6 of the World's Spookiest Places
Updated: April 19, 2023
Sedlec Ossuary, Kutná Hora, Czech Republic
When space is scarce, many cultures have turned to ossuaries—a chest, building, well, or site to house human skeletal remains. Ossuaries are creepy by nature, but the most notable one takes the spooky factor to a whole new level. Sedlec Ossuary, located in Kutná Hora, Czech Republic, is a Catholic chapel that’s estimated to contain the skeletons for 40,000–70,000 people. But wait, there’s more! Instead of simply storing the bones in the basement or something, they’ve been arranged in intricate detail. You’ll find a chandelier made completely of bones, garlands comprised of skulls, an intricate family crest and four humongous pyramids piled high with human bones. Just an hour’s train ride outside of Prague, this site is one of the country’s most visited. Trust me, a trip here will be etched in your memory forever.
Isla de las Muñecas, Mexico
I know it may be a polarizing topic, but I think a lot of us find dolls to be totally creepy. Especially old ones. And especially old ones abandoned at a deserted island. Enter Isla de las Muñecas, a small island south of Mexico City. This place didn’t start out as a creepy tourist attraction. It’s meant to be a memorial to a girl who drowned off the shores of the island. Though this death has never been confirmed, the island is now home to hundreds of dolls, many not intact. You’ll find limbs, heads, and limp doll bodies just hanging all over the place. Visitors claim they’ve seen the dolls moving all on their own. I don’t believe it… or maybe I just don’t want to.
Catacombs of Paris
Oh, Paris! The City of Light! And 6 million skeletons buried beneath it. Situated about 60 feet below the city, you’ll find tunnels paved with the remains of Parisians. From the late 18th through the early 19th centuries, bodies were moved from cemeteries to underground catacombs as a precautionary measure. Because everything is more romantic in Paris, the remains were arranged in beautiful (or macabre. Whatever!) tableaus. It’s estimated that there are 200 miles of tunnels under the city, some of which are completely uncharted. Visit the Catacomb Museum, or for a more in-depth experience, take a guided tour. It’s freaky fun.
iStockphoto.com/Jessica K Walters
Trans-Allegheny Lunatic Asylum, West Virginia
Just the word asylum makes me shudder. And an abandoned one? I’m sweating just thinking about it. There are a few notable ones in the USA, like Waverly Hills Sanatorium, a 20th-century early Tudor Gothic Revival building in Louisville, KY. However, I think the Trans-Allegheny Lunatic Asylum takes the cake. Though clearly not a politically correct name by modern standards, this former hospital is the largest hand-cut stone masonry building in North America. The original hospital opened in 1864, intended to care for 250 patients. In the 1950s, it housed 2,400 patients in overcrowded, poor conditions. The hospital closed in 1994, due to deterioration and its general out-of-date approach to dealing with mental illness.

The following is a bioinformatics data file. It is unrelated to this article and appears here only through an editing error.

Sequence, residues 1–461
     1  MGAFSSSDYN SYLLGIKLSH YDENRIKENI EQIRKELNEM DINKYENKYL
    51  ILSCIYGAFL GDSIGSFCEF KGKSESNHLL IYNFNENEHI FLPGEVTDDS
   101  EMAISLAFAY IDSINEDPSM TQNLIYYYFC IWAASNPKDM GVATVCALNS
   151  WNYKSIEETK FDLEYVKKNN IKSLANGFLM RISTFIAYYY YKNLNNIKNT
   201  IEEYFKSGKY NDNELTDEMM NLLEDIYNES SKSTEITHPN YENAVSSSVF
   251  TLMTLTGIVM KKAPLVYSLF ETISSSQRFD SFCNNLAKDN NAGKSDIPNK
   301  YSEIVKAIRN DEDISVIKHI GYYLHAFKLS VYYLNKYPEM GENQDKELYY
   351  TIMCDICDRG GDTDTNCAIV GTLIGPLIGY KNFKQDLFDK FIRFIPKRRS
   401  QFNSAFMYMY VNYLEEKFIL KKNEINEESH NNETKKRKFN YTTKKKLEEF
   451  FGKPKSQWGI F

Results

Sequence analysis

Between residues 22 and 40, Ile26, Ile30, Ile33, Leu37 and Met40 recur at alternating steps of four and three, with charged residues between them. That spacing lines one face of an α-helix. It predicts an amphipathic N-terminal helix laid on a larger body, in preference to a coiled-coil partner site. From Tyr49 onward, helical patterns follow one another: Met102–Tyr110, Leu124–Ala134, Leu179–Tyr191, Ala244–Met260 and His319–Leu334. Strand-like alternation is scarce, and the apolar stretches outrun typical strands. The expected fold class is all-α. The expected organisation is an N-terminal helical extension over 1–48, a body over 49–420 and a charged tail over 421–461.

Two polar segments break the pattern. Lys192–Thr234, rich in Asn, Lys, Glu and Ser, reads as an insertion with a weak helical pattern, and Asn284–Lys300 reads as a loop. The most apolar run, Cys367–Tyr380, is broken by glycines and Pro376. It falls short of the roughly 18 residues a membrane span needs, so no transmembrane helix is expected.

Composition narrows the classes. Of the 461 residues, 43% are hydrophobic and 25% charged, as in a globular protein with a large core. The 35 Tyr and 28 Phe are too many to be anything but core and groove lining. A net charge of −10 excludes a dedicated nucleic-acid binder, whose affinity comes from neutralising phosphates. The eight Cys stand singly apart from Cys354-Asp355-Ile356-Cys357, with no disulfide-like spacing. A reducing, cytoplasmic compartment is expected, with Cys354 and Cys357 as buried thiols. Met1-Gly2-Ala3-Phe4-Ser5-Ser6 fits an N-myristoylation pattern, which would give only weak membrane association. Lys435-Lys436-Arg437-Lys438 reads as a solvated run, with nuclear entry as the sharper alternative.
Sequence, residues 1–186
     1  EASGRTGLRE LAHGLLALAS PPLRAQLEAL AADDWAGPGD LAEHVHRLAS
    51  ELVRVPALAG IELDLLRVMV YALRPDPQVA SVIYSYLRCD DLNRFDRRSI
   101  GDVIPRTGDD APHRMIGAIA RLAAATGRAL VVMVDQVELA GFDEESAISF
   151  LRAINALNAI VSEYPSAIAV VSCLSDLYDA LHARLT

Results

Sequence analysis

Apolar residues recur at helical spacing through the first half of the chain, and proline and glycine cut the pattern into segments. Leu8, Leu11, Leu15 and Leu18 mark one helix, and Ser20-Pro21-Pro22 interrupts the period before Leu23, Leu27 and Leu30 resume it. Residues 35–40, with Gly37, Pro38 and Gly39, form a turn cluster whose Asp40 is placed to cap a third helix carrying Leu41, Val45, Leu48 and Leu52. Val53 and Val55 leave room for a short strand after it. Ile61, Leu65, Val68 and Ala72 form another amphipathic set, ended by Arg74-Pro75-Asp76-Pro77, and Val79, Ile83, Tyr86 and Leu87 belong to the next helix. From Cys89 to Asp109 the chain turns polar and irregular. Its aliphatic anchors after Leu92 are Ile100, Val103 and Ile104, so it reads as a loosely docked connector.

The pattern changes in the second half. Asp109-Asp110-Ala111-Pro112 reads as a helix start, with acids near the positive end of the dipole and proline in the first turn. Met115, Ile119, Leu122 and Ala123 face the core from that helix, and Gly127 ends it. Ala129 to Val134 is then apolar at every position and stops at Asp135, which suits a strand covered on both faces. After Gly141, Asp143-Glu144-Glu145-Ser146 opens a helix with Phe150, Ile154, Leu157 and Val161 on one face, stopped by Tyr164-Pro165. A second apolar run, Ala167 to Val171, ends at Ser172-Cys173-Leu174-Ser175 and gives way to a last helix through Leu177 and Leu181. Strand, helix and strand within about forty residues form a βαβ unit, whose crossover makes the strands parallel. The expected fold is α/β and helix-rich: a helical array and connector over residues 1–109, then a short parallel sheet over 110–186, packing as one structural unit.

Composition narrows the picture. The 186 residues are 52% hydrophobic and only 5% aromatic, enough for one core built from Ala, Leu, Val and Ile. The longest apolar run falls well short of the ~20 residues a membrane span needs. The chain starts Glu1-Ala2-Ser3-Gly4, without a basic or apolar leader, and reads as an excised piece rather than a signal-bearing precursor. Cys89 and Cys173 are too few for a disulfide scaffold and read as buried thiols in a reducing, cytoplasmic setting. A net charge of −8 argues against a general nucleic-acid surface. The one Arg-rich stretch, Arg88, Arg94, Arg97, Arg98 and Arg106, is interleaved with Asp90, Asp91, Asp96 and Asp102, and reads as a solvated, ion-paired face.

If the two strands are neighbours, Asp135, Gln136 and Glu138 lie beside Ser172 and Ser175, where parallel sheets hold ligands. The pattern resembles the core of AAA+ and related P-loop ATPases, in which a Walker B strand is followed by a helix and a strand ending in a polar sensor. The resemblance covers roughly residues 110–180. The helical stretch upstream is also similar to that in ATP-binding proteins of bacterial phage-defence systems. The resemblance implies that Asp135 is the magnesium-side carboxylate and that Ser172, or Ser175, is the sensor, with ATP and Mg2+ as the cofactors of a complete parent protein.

Today you may tour the property. The first floor is home to two wards as well as the Civil War Section of the hospital. You can also visit the doctors’ apartments, nurses’ quarters, and Ward F, where the most deviant of patients lived. Want an even spookier experience? Sign up for an overnight ghost tour, where you’ll explore the asylum from dusk until dawn. Eeeeee!
St. Augustine Lighthouse, Florida
It’s said the St. Augustine is the oldest city in the US. And with that title comes a whole slew of paranormal lore. One of the most notable haunted sites is the St. Augustine Lighthouse and Museum, located at the north end of Anastasia Island. Visitors have reported seeing shadows, hearing voices and witnessing two little girls on the lighthouse catwalk, said to be the lighthouse keeper’s daughters who both drowned during the lighthouse’s construction. The lighthouse offers “Dark of the Moon” tours, aka nighttime tours that cover the history and ghost stories. If you’re into paranormal investigation, you can sign up for a 2.5- to 3-hour tour that does just that.
Hashima Island, Japan
Just off the coast of Nagasaki, you’ll find a tiny, fortress-like island. In the early 1900s, the Mitsubishi Corporation created a town in the middle of the sea on what’s since been dubbed Gunkanjima, or “Battleship Island.” One look at it, and it’s easy to see how it earned the name. The less than one-square-kilometer island became home to 6,000 people, and many ten-story apartment complexes, as well as schools, restaurants and more. The island was once the most densely packed place in the world. Today, it’s entirely abandoned, uninhabited for over 40 years. Visiting this seriously post-apocalyptic wonder isn’t for the faint of heart. The whole place is at risk of crumbling, the island is only accessible on organized tours.
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